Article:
From the Archives: What does Split mean for M. Night Shyamalan’s future?

From the Archives: What does Split mean for M. Night Shyamalan’s future?

In the interest of getting “hard” copies of my work under one roof, I plan to spend the next few weeks posting the entire archive of my film journalism here on ScullyVision. With due respect to the many publications I’ve written for, the internet remains quite temporary, and I’d hate to see any of my work disappear for digital reasons. As such, this gargantuan project must begin! I don’t want to do it. I hate doing it. But it needs to be done. Please note that my opinions, like everyone’s, have changed a LOT since I started, so many of these reviews will only represent a snapshot in time. Objectivity has absolutely no place in film criticism, at least not how I do it. 

Without further ado, I present to you: FROM THE ARCHIVES.
Originally posted on Cinema76.

Right up front: SPOILER ALERT. I want to talk about the ending of Split, the latest thriller from Philly’s own M. Night Shyamalan. It’s the second stop on his trip back into the good graces of audiences everywhere, and is also one of his best films to date. We’re in the midst of a Shyamalanaissance, and I believe it’s because he’s finally embraced what type of filmmaker he is. Heck, ever since press for Split began popping up, I haven’t heard “Shyamalamadingdong” even once. Thank god. We were all wrong in calling him the second coming of Spielberg, and he was wrong (although mostly blameless) for going along with it. His ego inflated, his output inflated with it, and we fickle moviegoers burst it all with our pitchforks. So it goes. But now that he’s been humbly embracing his schlock sensibilities, most of us are content to let him back into the light.

“Into the light” was a reference to Split. If you didn’t get it, it means you ignored my spoiler warning. I beg of you not to read any further if you haven’t seen it. You’ll be mad if this is spoiled for you. I promise.

With Split, Shyamalan is attempting something huge by making it an official sequel to Unbreakable, potentially kicking off what I would like to call the MNSECU. I’ll let you figure out what that stands for. This is a bold move considering that much of what we see in modern superhero cinema was shaped by Unbreakable. It was released in 2000 as a character-based drama, but in execution it turned out to be a dark, brooding origin story for a rather unconventional super-powered being. During the subsequent career slump, many folks lamented that Shyamalan didn’t pursue the route of serializing the concept, further indicating that Nolan borrowed heavily from Unbreakable‘s tone when he made Batman Begins, citing it as proof of concept. An Unbreakable series could have been a success.

Hindsight, as they say, is 20/20, and Signs was fantastic flick (fight me).

So here we are, newly in receipt of an Unbreakable sequel, whose ultimate purpose was to establish a super-powered villain (and potentially a sidekick) for David Dunn. I can’t outright assume that this points to the dawn of a new franchise, but I really hope it does. Heck, maybe the one-two punch of The Last Airbender and After Earth were just Shyamalan rehearsing for a full-on comic book flick. Or maybe I’m wrong and Split is just an end cap to the story, or just a small bookmark to hold our place for a few more years until he dips into the Unbreakable sandbox once again. Time will tell.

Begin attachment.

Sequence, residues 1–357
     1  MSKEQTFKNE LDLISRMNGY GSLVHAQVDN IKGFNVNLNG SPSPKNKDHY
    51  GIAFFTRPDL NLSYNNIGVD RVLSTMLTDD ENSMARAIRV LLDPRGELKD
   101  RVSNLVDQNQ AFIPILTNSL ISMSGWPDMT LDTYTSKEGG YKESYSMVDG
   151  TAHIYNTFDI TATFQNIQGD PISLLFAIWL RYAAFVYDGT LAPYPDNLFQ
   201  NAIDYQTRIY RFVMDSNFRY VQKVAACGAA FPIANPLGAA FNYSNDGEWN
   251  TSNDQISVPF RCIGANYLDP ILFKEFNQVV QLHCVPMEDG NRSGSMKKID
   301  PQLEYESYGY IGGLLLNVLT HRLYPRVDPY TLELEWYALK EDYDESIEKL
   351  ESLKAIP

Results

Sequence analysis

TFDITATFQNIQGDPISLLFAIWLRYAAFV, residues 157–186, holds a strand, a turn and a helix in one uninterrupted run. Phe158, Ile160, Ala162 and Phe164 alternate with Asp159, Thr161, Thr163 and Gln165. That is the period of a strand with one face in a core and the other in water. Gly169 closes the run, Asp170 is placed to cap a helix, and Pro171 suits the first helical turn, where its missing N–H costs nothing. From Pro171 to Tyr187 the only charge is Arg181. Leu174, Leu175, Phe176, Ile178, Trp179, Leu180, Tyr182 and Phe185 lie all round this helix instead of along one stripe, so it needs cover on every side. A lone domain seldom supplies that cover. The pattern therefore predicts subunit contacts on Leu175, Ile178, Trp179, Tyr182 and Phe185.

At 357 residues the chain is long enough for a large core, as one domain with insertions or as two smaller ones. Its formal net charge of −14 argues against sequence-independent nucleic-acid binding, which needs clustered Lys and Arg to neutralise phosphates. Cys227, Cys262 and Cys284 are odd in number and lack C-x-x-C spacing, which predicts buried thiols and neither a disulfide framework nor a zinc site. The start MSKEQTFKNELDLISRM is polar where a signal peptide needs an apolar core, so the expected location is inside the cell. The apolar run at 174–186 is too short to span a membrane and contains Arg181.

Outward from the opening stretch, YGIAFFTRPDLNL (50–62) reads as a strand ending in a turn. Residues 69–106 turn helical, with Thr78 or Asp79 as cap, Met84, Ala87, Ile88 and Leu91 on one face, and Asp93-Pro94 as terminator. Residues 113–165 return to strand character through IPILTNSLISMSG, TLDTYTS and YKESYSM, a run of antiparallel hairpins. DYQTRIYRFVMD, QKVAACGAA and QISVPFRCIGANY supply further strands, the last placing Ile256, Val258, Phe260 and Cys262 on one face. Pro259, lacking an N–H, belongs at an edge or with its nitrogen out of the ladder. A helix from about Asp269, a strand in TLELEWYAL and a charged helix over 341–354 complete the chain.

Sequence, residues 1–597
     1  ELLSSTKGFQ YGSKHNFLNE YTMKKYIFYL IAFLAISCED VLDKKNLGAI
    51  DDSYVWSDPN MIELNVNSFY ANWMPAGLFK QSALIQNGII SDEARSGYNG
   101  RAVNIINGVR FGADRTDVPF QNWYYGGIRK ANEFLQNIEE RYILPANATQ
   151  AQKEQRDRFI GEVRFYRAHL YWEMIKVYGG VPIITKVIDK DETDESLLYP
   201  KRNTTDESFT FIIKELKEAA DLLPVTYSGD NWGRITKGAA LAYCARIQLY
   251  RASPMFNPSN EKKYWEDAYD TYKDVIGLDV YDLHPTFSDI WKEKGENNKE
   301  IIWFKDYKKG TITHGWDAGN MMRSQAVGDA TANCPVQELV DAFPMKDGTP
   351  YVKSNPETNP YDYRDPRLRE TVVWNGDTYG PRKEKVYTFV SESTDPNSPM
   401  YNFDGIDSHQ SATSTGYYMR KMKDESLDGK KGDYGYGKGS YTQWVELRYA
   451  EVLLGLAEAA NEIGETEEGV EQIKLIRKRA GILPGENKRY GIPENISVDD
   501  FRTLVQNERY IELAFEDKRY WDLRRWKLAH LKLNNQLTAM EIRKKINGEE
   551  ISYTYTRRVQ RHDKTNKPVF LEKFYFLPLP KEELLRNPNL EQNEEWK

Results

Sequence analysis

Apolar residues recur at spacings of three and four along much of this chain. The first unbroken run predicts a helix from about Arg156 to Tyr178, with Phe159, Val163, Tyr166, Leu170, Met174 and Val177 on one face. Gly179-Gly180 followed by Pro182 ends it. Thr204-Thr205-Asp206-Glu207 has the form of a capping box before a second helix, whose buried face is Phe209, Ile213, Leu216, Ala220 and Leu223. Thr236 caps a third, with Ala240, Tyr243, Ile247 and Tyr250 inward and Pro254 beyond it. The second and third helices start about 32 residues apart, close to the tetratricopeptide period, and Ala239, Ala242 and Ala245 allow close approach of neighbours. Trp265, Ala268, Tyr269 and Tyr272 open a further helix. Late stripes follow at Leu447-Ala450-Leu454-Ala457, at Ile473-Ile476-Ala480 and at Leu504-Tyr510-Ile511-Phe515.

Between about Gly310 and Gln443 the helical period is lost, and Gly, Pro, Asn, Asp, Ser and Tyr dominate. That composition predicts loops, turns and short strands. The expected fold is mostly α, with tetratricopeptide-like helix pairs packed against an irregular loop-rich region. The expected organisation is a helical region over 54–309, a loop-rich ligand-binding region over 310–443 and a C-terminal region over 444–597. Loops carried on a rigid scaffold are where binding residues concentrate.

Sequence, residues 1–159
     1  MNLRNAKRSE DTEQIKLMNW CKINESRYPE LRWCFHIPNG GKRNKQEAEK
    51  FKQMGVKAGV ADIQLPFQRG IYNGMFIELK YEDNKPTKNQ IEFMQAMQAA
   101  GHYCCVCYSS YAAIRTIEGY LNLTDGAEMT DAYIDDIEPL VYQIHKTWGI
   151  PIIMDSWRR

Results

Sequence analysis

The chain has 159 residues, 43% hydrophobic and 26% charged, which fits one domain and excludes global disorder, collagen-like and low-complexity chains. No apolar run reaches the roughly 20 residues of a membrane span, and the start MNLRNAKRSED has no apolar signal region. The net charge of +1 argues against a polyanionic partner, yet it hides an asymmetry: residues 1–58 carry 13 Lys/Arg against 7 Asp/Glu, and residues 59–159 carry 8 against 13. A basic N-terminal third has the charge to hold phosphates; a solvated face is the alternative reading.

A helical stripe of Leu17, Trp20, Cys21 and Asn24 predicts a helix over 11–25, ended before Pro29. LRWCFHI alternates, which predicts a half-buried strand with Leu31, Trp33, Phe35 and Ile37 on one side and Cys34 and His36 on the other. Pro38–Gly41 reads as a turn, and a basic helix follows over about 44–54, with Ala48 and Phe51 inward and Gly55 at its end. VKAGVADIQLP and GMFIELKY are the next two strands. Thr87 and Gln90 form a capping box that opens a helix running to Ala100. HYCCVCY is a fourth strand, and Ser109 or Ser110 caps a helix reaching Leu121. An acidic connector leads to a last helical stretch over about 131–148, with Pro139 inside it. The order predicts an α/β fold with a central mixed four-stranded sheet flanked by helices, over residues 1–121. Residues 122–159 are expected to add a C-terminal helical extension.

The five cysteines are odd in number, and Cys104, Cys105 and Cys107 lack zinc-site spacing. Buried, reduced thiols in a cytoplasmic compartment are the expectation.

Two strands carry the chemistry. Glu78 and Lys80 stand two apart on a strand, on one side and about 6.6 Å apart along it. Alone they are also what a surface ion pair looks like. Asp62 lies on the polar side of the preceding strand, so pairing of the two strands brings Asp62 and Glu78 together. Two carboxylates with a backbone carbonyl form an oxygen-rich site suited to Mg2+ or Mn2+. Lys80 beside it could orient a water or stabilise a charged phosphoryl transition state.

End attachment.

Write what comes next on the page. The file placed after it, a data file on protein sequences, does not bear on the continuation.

The most impressive thing about Split is that the ties to Unbreakable are sort of after-the-fact. It could easily play as its own story in a vacuum, and its rewatch value will hinge entirely upon that quality (as well as McAvoy’s brilliantly mad performance). Many don’t agree, however. I’ve spoken to a handful of people that either didn’t get the reveal, or simply didn’t care for it, asserting that the whole movie hinges upon it, and failed to deliver up to the final moments. This is a valid criticism, and is really just a matter of taste. It would be hard to call Split a failure, but easy to think of it as underwhelming, given the circumstances.

This brings me to my point. M. Night Shyamalan has balls. After being branded the “twist” guy and failing to deliver on a huge reveal multiple times – after spearheading a career that had largely become a joke – he went and made a movie with a huge reveal that leans on a 17-year-old film that, while beloved, has almost completely been forgetternin the wake of his subsequent filmography. He gambled on people remembering a character name from Unbreakable, and presumably fought many a battle with an investor to even include it.

So the question remains: will his testicular fortitude support a new franchise? Or maybe a trilogy? Is expansion even Shyamalan’s intention? I certainly hope so. Even if it turns out to be a failure, I’d love to see the attempt (especially now that he’s teamed up with Mike Gioulakis, cinematographer of It Follows). I mean, can you imagine a super strength animal-man going toe to toe with an invincible senior citizen on the streets of Philadelphia? It’s too good an image to leave unfilmed, I say! Then again, it would be just as satisfying to preserve Unbreakable and Split as an atypical double feature.

I applaud you, Mr. Shyamalan. You listened to our biggest complaints (more Unbreakable! Better twists!) and delivered a prefect response with a single line of dialogue.

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